Severe Weather Outlook

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National Severe Weather Outlook for the next week

Here you'll find all available severe weather outlooks on one page.

Overview of the threat for the next few days

Friday, August 7
Saturday, August 8
Sunday, August 9
Monday, August 10
Tuesday, August 11
Wednesday, August 12
Thursday, August 13
Friday, August 14

Outlook for Friday, August 7

Outlook Summary

A cluster of thunderstorms may evolve across the Upper Midwest this evening, accompanied by a risk for severe wind, hail, and perhaps a tornado or two.

Outlook Images

overview

tornado 2%

wind 15%

hail 15%

Detailed Outlook

SPC AC 071934

Day 1 Convective Outlook NWS Storm Prediction Center Norman OK 0234 PM CDT Fri Aug 07 2020

Valid 072000Z - 081200Z

THERE IS A SLIGHT RISK OF SEVERE THUNDERSTORMS ACROSS CENTRAL INTO NORTHERN MINNESOTA INTO NORTHWEST WISCONSIN

### SUMMARY

A cluster of thunderstorms may evolve across the Upper Midwest this evening, accompanied by a risk for severe wind, hail, and perhaps a tornado or two.

Discussion

Only two minor changes were made this outlook update. 1) Reduced hail/wind probabilities from 15 to 5 percent across parts of eastern ND and northwest MN. The MCV/vorticity center is forecast to track to the southeast of this area with lower storm coverage and potential for severe located to the north and northwest of the mid-level vort. 2) Added a small 5 percent hail probability in parts of the Mid-Atlantic.

..Smith.. 08/07/2020

.PREV DISCUSSION… /ISSUED 1129 AM CDT Fri Aug 07 2020/

Synopsis

Troughing within a weak belt of westerlies lingers west through south-southwest of the Appalachians. However, the models indicate that the primary embedded perturbation will shift east-northeast of the Ohio Valley through the northern and mid Atlantic coast by late tonight, as subtropical ridging becomes a bit more prominent across much of the United States.

A belt of stronger mid-latitude westerlies, now nosing inland near the western Canadian/U.S. border, is forecast to tend to shift north of the international border through this period, and undergo some amplification, with broad ridging building across the northeastern Pacific into the British Columbia and Pacific Northwest coast. Downstream, a vigorous short wave impulse on the leading edge of this regime is forecast to migrate east-northeast of the Canadian/northern U.S. Rockies through the Canadian Prairies.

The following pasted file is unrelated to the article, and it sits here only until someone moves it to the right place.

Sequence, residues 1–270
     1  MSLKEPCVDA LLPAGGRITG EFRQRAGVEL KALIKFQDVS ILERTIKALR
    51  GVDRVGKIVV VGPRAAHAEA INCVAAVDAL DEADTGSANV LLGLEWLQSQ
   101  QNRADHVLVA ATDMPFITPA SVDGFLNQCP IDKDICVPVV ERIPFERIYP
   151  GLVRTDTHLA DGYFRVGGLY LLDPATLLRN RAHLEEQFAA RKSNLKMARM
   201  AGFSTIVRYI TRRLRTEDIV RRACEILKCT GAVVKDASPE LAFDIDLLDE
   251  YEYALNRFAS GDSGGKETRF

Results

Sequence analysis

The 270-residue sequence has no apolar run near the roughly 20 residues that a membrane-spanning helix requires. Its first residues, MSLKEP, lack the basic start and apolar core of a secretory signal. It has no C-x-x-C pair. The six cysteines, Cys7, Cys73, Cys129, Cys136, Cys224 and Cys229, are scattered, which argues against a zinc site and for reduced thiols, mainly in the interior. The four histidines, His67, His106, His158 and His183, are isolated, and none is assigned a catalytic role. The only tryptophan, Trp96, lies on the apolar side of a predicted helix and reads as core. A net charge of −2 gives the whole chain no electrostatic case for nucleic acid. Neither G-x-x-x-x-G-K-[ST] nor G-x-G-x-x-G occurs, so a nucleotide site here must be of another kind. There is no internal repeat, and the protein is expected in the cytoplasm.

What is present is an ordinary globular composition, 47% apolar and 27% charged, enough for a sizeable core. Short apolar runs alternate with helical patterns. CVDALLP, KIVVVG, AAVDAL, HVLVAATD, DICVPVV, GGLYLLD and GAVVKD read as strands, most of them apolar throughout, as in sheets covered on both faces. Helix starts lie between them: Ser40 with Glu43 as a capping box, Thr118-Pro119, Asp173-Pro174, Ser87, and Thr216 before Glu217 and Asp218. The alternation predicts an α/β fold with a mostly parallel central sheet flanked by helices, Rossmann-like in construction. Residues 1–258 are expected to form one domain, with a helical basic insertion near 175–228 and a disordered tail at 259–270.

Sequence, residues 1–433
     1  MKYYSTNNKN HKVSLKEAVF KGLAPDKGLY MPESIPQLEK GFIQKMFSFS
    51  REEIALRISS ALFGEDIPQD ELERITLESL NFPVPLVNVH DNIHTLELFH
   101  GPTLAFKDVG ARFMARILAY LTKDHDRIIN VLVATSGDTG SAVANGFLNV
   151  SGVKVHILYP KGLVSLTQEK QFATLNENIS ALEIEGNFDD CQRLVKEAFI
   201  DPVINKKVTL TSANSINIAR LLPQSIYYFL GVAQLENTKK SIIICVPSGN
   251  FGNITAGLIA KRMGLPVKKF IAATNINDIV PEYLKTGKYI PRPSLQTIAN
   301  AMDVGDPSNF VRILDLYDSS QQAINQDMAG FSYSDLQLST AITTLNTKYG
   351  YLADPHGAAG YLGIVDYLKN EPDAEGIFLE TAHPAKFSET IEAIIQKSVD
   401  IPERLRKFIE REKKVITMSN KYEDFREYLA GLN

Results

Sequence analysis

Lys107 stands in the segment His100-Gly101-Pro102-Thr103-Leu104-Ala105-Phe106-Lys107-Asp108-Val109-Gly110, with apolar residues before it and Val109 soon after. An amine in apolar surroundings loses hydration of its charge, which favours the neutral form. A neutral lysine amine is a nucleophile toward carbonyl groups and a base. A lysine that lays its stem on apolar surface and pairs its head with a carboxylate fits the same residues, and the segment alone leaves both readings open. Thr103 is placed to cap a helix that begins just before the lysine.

In response to these developments, a broad plume of very warm elevated mixed-layer air appears likely to continue advecting eastward across much of the Great Plains, while also nosing northeastward into portions of the Upper Midwest. Some southward suppression of this air mass is possible across eastern Montana into the Dakotas by late tonight, with the surface cold front advancing more rapidly southward through northwestern Minnesota and much of the Dakotas by 12Z Saturday.

Northern Great Plains into Upper Midwest

Seasonably moist boundary layer conditions are returning to the region, due to both moisture advection and evapotranspiration, beneath the warming and capping elevated mixed-layer air. It appears that this will contribute to large mixed-layer CAPE (2000-3000+ J/kg) with daytime heating, ahead of the cold front, across much of the northern Great Plains.

However, to the southeast of the short wave migrating into the Canadian Prairies, and in the wake of a much more subtle preceding perturbation (now progressing into the Red River Valley), mid-level height rises may contribute to suppression of deep convective development across much of the Dakotas. While the eastward advancing surface cold front could provide a focus for at least attempts at sustained thunderstorm development across parts of the western into central Dakotas late this afternoon and early evening, it is becoming increasingly unclear that storms will be able to develop. Even if they do, with stronger mid-level cooling and wind fields lagging to the northwest of the front, severe weather potential may remain limited.

Lift associated with the weaker lead perturbation seems likely to provide the primary focus for sustained thunderstorm development later today through tonight. This may initiate near the edge of the stronger capping elevated mixed-layer air, perhaps in the immediate wake of the convectively generated vorticity center currently over southeastern North Dakota, which is forecast to turn eastward across northern Minnesota today through tonight.

Near and to the southwest of the mid-level cyclonic circulation, a developing zone of stronger differential surface heating may provide the low-level focus for the strongest convective development. This probably will include one or two supercells initially, then perhaps an organizing upscale growing convective system by this evening. An associated risk for severe hail, and perhaps a tornado or two, probably will transition to primarily a severe wind threat, which could spread into northwestern Wisconsin late tonight before diminishing.